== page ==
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Old 03-17-2009, 10:29 PM
tom turkey 2x2 tom turkey 2x2 is offline
 
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Default Winchester model 12 vs. win. model 25

Can someone explain to me what the difference is in a mod 12 and and a model 25. I have always thought that the mod. 25 was just a economy model 12. Recently some of the reading I have done has lead me to realize that I was wrong ( imagine that). I am just curious, my Uncle bought one when I was very Young, and sold it to my brother just a year or to later, I have always liked the gun although I have never shot it. i am thinking I would like to find one in good shape and buy it for sentimental reasons, but would like to learn more about the mod25 first.. Did Winchester make the 25 just in 12 ga? or was thier a 16 ga. also?
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  #2  
Old 03-18-2009, 08:14 AM
tom turkey 2x2 tom turkey 2x2 is offline
 
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I know someone on here can answer this question?
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Old 03-18-2009, 09:24 AM
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Bounty Hunter Bounty Hunter is offline
 
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What have you read that makes you think you were wrong? ........ Appears you were "Right On"



Model 12
This model was designed by T.C. Johnson and was the first
slide-action hammerless shotgun built by Winchester. The
Model 12 has enjoyed great success in its 51-year history, and
over 1,900,000 were sold. This was a high quality, well-made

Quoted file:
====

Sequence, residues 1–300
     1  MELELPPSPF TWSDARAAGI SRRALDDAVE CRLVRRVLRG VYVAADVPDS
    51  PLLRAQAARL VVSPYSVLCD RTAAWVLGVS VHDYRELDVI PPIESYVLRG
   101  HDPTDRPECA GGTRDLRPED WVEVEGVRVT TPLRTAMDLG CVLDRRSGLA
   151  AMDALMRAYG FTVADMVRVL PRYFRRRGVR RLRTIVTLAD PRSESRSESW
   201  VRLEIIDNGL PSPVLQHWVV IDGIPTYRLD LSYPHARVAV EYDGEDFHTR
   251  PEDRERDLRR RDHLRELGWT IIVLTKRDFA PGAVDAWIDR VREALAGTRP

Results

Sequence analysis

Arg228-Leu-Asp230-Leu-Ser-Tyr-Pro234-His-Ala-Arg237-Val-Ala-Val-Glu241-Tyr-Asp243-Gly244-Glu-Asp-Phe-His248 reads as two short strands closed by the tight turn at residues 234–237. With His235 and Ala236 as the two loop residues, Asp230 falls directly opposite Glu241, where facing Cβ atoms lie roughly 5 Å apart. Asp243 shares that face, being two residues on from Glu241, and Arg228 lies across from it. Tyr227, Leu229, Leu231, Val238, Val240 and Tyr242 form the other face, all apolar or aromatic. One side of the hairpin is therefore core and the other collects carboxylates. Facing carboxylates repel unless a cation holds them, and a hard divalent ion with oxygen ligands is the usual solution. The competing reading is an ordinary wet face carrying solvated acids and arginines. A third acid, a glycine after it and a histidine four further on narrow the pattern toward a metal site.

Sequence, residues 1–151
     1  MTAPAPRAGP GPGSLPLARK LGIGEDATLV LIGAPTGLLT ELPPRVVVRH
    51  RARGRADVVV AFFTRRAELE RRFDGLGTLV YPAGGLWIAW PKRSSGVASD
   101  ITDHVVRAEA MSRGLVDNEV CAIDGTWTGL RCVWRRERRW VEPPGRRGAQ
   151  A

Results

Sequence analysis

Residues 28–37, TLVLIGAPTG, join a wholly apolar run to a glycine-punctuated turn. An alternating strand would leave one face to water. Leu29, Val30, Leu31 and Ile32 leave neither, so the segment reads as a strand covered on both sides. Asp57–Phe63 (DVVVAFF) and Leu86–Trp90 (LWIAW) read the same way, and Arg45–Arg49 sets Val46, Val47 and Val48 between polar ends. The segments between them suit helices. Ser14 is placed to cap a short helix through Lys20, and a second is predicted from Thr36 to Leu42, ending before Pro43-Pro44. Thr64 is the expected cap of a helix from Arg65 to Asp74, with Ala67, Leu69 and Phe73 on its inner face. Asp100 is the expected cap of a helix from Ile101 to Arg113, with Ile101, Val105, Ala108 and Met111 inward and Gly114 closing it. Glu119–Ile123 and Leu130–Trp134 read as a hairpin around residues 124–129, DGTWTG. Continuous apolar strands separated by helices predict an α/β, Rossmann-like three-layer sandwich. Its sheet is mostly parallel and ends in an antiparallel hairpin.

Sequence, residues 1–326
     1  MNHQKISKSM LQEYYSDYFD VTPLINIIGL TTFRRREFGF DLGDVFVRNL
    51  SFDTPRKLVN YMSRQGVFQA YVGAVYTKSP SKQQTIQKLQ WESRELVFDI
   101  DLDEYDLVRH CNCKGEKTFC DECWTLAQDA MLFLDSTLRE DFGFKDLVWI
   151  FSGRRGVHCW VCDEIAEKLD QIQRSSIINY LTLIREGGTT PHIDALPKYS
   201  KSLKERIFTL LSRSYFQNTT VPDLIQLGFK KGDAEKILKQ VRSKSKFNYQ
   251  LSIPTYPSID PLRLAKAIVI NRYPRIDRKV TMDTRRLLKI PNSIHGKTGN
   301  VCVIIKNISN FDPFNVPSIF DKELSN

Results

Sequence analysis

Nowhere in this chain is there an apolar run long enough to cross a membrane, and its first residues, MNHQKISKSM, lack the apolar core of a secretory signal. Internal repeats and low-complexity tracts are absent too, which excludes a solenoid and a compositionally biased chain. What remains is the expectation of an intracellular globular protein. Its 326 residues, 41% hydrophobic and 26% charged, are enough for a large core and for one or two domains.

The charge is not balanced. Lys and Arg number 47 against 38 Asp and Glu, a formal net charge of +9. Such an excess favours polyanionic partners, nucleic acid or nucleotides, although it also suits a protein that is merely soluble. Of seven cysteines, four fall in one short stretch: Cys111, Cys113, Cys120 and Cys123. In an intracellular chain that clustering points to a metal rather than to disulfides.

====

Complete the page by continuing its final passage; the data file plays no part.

shotgun that is still in use in the hunting and shooting fields
across the country. All Model 12s were of the takedown variety.
The Model 12 was dropped from regular product line in
1963, but a special model was produced in the Custom Shop
until 1979. In 1972 Winchester resurrected the Model 12 in its
regular production line in 12 gauge only and ventilated rib. This
reintroduced Model 12 was dropped in 1980. The prices listed
are for guns made prior to 1964 or for guns with serial numbers
below 1968307. This shotgun was offered in several different
styles:
1. Standard Grade, 12, 16, 20, and 28 gauge, with plain,
solid rib, or vent rib round barrels of standard lengths
(26", 28", 30", 32"), plain walnut pistol-grip stock with
grooved slide handle. Built from 1912 to 1963.
2. Featherweight, same as above with lightweight alloy trigger
guard. Built between 1959 and 1962.
3. Riot Gun, in 12 gauge only with 20" round choked cylinder,
stock same as Standard Grade. Built between 1918
and 1963.
4. Trench Gun, chambered for 12 gauge only with 20"
round barrel with ventilated hand guard over barrel, fitted
with bayonet lug. All metal surfaces are “Parkerized,” and
these shotguns should be U.S. marked as a military firearm.
Introduced in 1918 and built for U.S. Armed Forces
on special order.
5. Skeet Grade, chambered for 12, 16, 20, and 28 gauge
with 26" round barrel with solid or ventilated rib, select walnut
checkered pistol stock and special checkered extension
slide handle (longer than standard). Built from
1933 to 1963.
6. Trap Grade, chambered for 12 gauge only with 30" round